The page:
We didn’t really storyboard, but we did follow our plan, start off wide, distant and observational, and as the story develops, then we come closer, get to know the characters, invade their space, and be another pair of eyes waiting at the bus stop. It was a great experience working with him; he brought an energy, passion and amazing crew with him, so much so that I christened him my DOP for life!

C8: What did you shoot on and what was the reasoning behind this choice?

PM: We shot on a RED MX ONE, and that was because the exceptional Mark Downes, producer of ‘Stop’, is Head of Production at MPH. They were the production company that produced the film, and they have the RED MX ONE, which was fantastic for us as it was free.

Tim supplemented this with some old 35mm film lenses he had, which had a beautiful soft feel and texture to them, so much so that many people think we shot on film.

Working as a 1st AD I had many bad experiences with the RED, loosing data, crashing, etc, but luckily we only lost one shot, which although not ideal, was better than anticipated. It was quite a robust camera, and Mark and Kelvin Hutchins, the excellent editor, were well used to the RED’s workflow and getting the most out of it in post.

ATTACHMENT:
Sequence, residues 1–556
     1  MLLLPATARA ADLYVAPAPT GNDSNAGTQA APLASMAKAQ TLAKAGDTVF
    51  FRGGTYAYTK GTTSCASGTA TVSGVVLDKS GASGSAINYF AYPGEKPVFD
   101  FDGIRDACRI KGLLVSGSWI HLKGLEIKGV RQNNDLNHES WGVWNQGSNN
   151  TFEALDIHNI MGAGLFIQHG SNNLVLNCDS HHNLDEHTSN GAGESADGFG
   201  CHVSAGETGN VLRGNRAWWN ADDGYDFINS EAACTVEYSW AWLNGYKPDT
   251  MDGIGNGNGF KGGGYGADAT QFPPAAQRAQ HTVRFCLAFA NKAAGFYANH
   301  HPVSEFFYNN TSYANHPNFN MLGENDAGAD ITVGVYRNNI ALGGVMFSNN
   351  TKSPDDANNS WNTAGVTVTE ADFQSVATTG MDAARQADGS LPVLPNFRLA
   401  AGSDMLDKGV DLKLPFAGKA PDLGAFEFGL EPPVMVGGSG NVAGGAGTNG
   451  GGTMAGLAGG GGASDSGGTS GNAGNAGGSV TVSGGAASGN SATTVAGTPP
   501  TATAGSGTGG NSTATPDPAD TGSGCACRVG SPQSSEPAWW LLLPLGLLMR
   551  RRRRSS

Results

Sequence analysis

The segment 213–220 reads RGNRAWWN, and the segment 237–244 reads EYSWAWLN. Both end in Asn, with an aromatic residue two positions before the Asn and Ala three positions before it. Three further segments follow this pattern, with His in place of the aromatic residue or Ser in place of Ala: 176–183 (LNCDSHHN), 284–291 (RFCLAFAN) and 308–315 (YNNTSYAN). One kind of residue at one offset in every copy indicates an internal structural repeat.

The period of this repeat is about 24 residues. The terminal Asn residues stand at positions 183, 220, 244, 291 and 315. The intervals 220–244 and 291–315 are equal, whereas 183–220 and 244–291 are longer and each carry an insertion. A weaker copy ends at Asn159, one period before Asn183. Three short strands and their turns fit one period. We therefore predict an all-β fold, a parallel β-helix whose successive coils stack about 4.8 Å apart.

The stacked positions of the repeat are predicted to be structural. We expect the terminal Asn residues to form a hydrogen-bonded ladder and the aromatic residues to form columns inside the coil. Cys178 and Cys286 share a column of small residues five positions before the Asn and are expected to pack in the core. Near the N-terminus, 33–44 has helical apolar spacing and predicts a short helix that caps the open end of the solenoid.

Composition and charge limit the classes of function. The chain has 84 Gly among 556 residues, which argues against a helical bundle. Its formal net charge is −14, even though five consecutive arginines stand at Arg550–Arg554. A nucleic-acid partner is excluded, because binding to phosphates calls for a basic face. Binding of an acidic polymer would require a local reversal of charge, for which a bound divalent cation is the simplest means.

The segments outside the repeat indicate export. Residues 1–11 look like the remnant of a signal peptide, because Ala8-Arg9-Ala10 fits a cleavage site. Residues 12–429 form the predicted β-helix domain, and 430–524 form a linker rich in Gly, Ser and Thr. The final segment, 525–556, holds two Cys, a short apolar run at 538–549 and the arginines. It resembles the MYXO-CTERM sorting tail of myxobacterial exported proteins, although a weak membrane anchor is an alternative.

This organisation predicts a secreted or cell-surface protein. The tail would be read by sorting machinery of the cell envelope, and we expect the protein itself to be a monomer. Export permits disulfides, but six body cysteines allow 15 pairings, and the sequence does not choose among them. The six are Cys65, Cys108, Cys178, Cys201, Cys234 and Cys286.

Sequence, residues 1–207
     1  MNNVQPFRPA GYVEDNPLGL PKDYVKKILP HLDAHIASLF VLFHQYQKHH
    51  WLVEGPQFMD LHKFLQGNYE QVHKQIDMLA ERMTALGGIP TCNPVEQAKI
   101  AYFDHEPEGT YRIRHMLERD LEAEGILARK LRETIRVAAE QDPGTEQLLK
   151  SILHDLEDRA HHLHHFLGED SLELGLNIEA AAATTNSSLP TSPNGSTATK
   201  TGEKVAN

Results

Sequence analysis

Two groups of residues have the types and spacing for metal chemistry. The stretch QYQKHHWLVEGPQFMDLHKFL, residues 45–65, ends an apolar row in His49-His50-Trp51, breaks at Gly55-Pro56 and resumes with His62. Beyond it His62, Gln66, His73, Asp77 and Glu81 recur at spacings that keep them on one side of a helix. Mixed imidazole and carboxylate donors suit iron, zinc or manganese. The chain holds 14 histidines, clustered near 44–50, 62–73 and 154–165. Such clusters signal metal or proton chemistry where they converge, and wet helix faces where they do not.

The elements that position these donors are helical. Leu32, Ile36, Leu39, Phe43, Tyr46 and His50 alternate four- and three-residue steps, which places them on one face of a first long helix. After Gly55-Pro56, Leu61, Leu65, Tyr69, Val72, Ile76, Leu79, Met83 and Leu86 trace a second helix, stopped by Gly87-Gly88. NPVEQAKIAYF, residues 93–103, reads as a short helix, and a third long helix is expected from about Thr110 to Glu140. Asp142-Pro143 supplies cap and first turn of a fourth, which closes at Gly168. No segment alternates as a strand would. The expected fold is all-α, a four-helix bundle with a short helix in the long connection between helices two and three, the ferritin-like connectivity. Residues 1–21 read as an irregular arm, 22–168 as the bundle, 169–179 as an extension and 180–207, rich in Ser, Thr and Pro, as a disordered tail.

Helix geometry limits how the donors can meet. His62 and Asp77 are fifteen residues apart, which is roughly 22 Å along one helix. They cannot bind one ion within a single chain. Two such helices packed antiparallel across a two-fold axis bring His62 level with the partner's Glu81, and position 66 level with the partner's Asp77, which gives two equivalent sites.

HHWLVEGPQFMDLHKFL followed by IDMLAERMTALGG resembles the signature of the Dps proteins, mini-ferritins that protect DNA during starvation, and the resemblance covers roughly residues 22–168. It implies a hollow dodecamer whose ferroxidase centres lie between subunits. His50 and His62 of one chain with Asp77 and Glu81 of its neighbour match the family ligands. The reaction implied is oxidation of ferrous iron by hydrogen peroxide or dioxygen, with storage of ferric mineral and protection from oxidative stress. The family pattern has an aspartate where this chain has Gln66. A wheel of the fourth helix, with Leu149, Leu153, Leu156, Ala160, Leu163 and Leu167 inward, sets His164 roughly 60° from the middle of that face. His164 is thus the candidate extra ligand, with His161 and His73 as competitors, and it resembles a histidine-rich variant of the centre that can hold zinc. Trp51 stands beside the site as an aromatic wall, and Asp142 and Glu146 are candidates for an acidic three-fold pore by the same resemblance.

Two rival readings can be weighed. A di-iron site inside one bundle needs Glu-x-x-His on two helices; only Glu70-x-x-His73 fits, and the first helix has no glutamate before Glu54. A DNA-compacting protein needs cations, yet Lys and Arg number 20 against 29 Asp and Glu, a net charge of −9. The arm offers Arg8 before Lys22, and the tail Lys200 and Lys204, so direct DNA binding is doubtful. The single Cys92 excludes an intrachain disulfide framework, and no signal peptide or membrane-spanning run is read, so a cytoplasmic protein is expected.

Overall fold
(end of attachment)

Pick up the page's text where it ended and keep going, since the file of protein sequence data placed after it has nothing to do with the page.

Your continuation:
C8: Shooting at a bus stop on the road must have been difficult. How did you work around this?

PM: This was initially my biggest concern as shooting in public at an uncontrollable space is always tough. However we got in touch with Transport for London and they were great at helping us suspend the bus stop for the weekend. It was quite cheap too, at only £200. They put up a temporary bus stop for us down the road and we guided passengers to that.

We chose the location as it was also on a very quiet stretch of road, buses came twice every hour and there was only one bus on the route, which was ideal. Martin Walker the location manager was fantastic at locking down the street and dealing with members of the public whilst we were shooting. It went better than any of us could have expected.

C8: What has the reaction to the film been like from both the general public and domestic abuse organizations?

PM: The reaction to ‘Stop’ has been amazing; we’ve currently screened at 14 international festivals, won three awards and have been up for Best Short over seven times. We won a Special Mention at the Film London ‘Best of Borough’ Awards in 2012 at our first screening, which was great. And with a jury that comprising producer Stephen Wolley, the BFI’s Chris Collins and director Gurinder Chadha, saying that ‘Stop’ was “an impressive production” was really rewarding.